We see his likeness everyday when we use pennies or pay for our coffee with a $5 bill, but have you ever wondered about the story behind these portraits of Abraham Lincoln? For years they were widely attributed to a pioneer of the photography industry, but the real truth is a bit harder to pin down.
Mathew Brady was a pioneer of photography who had studied under Samuel F. B. Morse. Brady created new methods for taking and developing photographs while traveling, making photographs of remote or transient events viable. Brady is sometimes called the father of photojournalism because many of the photographs of the Civil War were taken, developed, and displayed through his gallery. Never before had the public seen such graphic images of a war, distributed quickly and showing the battles almost as they happened.
Brady had written to President Lincoln to inquire about attaching himself to the war effort, applying his skills to make photographic record of the war. Lincoln agreed, but on the provision that Brady funded the project himself. Brady’s photos of the Civil War remain the most poignant of the era. He captured the soldiers at mess time, Union officers being served by black servants, and took portraits of generals in stately poses.
Brady had first become interested in taking portraits of soldiers on their way to war, advertising to parents that this might be the last time they could have a photograph taken of their beloved children. Brady took many cabinet card photos of Civil War soldiers, but quickly moved on to extensively documenting the war itself, taking some of the most definitive photos of the era.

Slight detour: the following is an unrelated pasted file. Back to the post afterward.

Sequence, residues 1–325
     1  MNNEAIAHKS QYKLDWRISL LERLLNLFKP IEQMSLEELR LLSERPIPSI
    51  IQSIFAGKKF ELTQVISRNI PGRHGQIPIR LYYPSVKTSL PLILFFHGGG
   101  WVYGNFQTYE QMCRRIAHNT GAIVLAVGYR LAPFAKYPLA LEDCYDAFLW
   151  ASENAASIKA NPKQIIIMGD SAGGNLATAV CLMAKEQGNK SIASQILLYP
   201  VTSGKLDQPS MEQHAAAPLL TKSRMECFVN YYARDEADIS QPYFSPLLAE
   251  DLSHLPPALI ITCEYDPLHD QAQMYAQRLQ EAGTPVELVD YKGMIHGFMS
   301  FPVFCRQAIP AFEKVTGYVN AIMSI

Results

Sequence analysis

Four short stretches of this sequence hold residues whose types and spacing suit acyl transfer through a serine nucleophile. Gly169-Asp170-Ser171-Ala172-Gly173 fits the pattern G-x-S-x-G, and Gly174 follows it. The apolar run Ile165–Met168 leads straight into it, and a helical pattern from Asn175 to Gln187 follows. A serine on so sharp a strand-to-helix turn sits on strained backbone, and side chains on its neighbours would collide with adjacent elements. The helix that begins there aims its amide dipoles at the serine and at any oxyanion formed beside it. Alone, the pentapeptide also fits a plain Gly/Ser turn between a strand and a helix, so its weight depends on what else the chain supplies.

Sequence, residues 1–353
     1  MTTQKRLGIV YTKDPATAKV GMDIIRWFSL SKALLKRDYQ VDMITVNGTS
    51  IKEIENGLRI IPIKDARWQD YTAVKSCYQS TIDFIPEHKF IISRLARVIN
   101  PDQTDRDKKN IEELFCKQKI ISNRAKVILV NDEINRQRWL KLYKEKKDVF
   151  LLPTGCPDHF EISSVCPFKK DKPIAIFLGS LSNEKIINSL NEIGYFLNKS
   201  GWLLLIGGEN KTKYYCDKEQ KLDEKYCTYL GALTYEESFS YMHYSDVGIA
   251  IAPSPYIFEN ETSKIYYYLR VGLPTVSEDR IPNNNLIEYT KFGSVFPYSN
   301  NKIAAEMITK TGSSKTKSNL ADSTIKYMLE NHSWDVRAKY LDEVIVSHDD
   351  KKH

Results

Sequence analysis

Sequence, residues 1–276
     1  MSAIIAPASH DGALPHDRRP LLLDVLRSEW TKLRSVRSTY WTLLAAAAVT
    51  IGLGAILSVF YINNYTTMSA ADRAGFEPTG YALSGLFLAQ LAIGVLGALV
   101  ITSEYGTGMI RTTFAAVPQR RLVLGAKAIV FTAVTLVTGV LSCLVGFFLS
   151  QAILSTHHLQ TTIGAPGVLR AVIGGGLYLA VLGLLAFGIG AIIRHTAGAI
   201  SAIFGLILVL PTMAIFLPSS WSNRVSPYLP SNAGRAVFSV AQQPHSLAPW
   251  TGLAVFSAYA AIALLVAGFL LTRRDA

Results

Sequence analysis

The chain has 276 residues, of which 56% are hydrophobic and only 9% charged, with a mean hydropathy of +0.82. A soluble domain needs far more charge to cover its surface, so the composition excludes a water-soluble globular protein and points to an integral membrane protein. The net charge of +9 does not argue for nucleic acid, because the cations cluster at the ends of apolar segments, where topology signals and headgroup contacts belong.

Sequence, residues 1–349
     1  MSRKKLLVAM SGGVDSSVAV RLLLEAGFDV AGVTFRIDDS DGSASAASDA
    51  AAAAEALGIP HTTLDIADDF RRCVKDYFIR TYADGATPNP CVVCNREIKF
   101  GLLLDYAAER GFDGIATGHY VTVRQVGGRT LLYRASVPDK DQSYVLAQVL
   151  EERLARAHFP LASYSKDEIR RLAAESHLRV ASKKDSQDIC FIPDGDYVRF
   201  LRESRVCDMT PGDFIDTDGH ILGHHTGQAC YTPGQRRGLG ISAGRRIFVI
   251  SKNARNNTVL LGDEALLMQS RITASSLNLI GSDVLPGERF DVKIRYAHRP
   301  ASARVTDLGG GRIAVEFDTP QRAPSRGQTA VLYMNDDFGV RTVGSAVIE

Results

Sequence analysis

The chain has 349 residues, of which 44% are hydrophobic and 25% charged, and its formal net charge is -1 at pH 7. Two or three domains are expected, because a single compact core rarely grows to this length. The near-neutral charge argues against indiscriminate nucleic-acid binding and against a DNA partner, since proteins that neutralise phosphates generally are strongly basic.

The booming business in soldier portraits meant that Brady needed help. Brady hired many assistants, not all of which were even recorded in his documents, so it’s hard to say exactly which photographs were taken by which photographers.
There’s no question that Brady took many notable photographs, though. He photographed an incredible 18 presidents and former presidents, including John Quincy Adams! Brady also photographed such noted authors as Walt Whitman and Charles Dickens. But, when it comes to the two very well know photographs that were used as the basis for the $5 bill and the Lincoln penny, the waters become murkier.
One of Brady’s more accomplished assistants was Anthony Berger. We don’t know much about Berger, save that he held a few different trades during his lifetime and that he was an immigrant from Germany.
It is now thought that Berger took both of the portraits of President Lincoln now used on our currency. But, attribution is a problem. As with many photography studios of the time, the credit was given to the studio or the gallery and not the individuals who actually took the photos, who were sometimes referred to as merely “operators.”
Brady had taken extensive photos of the Civil War at great expense, assuming that the government would buy the photos. When the U.S. government initially did not, Brady fell into ruin. The collection was eventually purchased by the government, but that did not spare him an impoverished death. He died penniless in a charity hospital. Research suggests that Berger died in considerably better circumstances than did Brady. But, then again, it wasn’t Berger’s fortune (or even his name) on the line in funding the Civil War photography project.